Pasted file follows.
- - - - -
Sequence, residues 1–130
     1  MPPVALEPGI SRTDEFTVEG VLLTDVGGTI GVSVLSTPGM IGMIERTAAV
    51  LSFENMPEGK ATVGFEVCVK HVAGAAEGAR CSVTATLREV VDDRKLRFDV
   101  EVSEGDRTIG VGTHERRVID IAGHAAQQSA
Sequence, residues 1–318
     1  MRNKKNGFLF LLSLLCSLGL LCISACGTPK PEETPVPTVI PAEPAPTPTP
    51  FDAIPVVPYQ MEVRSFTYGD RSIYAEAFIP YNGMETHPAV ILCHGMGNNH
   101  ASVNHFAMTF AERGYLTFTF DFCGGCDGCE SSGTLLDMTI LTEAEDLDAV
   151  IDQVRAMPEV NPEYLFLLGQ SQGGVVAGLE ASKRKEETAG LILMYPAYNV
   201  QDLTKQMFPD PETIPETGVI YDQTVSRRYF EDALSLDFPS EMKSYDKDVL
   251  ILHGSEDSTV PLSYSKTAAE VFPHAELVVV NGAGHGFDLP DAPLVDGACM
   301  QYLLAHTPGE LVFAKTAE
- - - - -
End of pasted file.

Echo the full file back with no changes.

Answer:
Sequence, residues 1–130
     1  MPPVALEPGI SRTDEFTVEG VLLTDVGGTI GVSVLSTPGM IGMIERTAAV
    51  LSFENMPEGK ATVGFEVCVK HVAGAAEGAR CSVTATLREV VDDRKLRFDV
   101  EVSEGDRTIG VGTHERRVID IAGHAAQQSA
Sequence, residues 1–318
     1  MRNKKNGFLF LLSLLCSLGL LCISACGTPK PEETPVPTVI PAEPAPTPTP
    51  FDAIPVVPYQ MEVRSFTYGD RSIYAEAFIP YNGMETHPAV ILCHGMGNNH
   101  ASVNHFAMTF AERGYLTFTF DFCGGCDGCE SSGTLLDMTI LTEAEDLDAV
   151  IDQVRAMPEV NPEYLFLLGQ SQGGVVAGLE ASKRKEETAG LILMYPAYNV
   201  QDLTKQMFPD PETIPETGVI YDQTVSRRYF EDALSLDFPS EMKSYDKDVL
   251  ILHGSEDSTV PLSYSKTAAE VFPHAELVVV NGAGHGFDLP DAPLVDGACM
   301  QYLLAHTPGE LVFAKTAE